I took C. Kenneth Meese’s Theory of the Photographic Process with me into the Army when I was drafted. I’ll bet no other draftee has ever chosen that particular book to take with him into the service. But the choice made sense to me because I wanted to know how light striking a light-sensitive emulsion could produce a photographic image.

Kodak made emulsions out of cheek pieces of cattle obtained from slaughterhouses. The makeup of those cheek pieces depended on what the cattle had eaten in the fields they had lived in. The sensitivity of the photographic emulsions invented by George Eastman depended on the amount of sulfur from mustard weed the cows had ingested.

Kodak film came to depend on very strict quality control of the diets of cows whose cheek pieces went into the gelatin from which that film was made. Who could have known, or even suspected? I loved it, reading that book by flashlight after taps during basic training. The Army didn’t own me completely; by clinging to such idiosyncratic engagements, I was still my own man.

So here I am today, writing about the exploration of my own mind, trying to finish this project before I die, continuing a tradition begun so long ago under the influence of the family I was born to as middle male child out of three. I loved my parents, but felt distant from them. My older brother had my father’s attention; my younger brother was my mother’s chief concern. I turned my engagements into the world of nature and discovery. Given the family I was born to, I didn’t know what else to do.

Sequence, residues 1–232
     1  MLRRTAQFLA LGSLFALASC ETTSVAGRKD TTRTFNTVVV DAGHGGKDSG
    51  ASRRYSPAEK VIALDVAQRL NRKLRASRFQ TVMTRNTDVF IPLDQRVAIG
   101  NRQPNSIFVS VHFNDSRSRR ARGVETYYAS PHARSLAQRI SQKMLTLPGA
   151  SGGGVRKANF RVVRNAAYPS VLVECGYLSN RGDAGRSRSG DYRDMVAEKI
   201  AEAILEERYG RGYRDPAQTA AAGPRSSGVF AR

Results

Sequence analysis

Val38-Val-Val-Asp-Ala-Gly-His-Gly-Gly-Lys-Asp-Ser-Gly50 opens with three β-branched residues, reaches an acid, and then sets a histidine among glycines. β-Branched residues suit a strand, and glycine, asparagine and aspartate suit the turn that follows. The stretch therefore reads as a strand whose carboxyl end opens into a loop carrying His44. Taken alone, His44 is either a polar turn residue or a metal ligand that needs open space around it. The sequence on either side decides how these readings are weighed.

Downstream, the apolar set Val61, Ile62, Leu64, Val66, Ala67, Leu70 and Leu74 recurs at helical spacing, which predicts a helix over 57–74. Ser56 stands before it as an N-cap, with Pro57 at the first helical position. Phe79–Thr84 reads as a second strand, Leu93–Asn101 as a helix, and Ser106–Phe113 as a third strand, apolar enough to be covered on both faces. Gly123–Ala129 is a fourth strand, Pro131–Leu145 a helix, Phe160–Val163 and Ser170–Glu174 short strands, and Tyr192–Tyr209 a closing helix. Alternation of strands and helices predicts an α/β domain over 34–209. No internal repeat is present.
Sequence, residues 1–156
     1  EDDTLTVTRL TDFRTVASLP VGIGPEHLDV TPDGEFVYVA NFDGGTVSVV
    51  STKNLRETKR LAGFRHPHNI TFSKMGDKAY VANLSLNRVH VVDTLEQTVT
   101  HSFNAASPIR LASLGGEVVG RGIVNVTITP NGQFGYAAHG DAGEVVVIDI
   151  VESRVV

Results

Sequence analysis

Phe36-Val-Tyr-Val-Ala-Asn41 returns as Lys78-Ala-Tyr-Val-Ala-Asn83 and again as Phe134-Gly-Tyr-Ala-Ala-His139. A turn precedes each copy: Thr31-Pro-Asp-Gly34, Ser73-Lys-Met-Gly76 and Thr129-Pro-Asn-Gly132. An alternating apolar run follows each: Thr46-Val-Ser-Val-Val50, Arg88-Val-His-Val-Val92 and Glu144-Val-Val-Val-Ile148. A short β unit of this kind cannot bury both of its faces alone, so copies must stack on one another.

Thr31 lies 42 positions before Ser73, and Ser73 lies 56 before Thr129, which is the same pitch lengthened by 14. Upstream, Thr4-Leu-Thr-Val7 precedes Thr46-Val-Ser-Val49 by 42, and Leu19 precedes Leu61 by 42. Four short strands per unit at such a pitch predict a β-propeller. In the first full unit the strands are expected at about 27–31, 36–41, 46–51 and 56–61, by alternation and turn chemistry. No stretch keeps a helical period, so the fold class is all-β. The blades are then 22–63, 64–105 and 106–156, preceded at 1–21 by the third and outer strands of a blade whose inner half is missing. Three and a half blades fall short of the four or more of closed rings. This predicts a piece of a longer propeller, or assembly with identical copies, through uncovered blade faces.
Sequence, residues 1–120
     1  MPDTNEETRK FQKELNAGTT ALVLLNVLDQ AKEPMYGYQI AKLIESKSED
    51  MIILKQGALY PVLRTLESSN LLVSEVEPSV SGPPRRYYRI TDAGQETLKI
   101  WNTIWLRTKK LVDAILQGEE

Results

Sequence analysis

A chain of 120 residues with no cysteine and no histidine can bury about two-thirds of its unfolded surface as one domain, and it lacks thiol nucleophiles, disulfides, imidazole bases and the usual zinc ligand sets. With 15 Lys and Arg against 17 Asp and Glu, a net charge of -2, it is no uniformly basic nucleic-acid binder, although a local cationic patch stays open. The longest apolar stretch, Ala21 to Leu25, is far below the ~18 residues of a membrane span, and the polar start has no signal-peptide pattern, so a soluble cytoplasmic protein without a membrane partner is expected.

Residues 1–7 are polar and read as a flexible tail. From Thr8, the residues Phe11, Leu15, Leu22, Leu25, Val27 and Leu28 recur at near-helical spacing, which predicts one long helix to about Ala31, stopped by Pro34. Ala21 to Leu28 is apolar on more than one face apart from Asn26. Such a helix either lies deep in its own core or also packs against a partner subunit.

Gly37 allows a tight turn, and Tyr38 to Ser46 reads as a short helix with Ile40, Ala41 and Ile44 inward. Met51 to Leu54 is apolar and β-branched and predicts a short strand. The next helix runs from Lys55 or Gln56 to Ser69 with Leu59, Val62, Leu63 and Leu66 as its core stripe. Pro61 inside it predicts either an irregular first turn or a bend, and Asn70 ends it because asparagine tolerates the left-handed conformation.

Here I am, still at it, but with a twist. Looking inward because so few others have taken that path, and among all choices, that is the one that intrigues me the most. The real action is not in the world or its universe. It is in the miracle of our own minds that dare entertain such mysteries.

Einstein’s famous thought experiments were all in his mind, as current theories of how the universe works are in the minds of modern cosmologists, astrophysicists, and astrobiologists. I can’t understand taking on the universe with an incomplete grasp of the primary tool I use to observe its features. Talk about carts before horses, that strikes me as insane, employing a mind you don’t understand to probe the biggest mystery of all. The blind leading the blind. Trapped in worlds of conjecture and opinion.

All going back to the families we were raised in, to our primal engagements, and the lifelong habits we build around them. To the situations we found ourselves in early on and tried to understand. And to explain, often mainly to ourselves. The very selves we have to understand in getting beyond our limitations to a true appreciation of our place in the cosmos.

The development of our minds begins in our families where we catch on to the trick of linking perception to judgment to acting on purpose, then extending our reach into nature, culture community, and back to us in our families. Taking full responsibility for such loops of engagement, we can begin to understand features of the universe beyond our true grasp.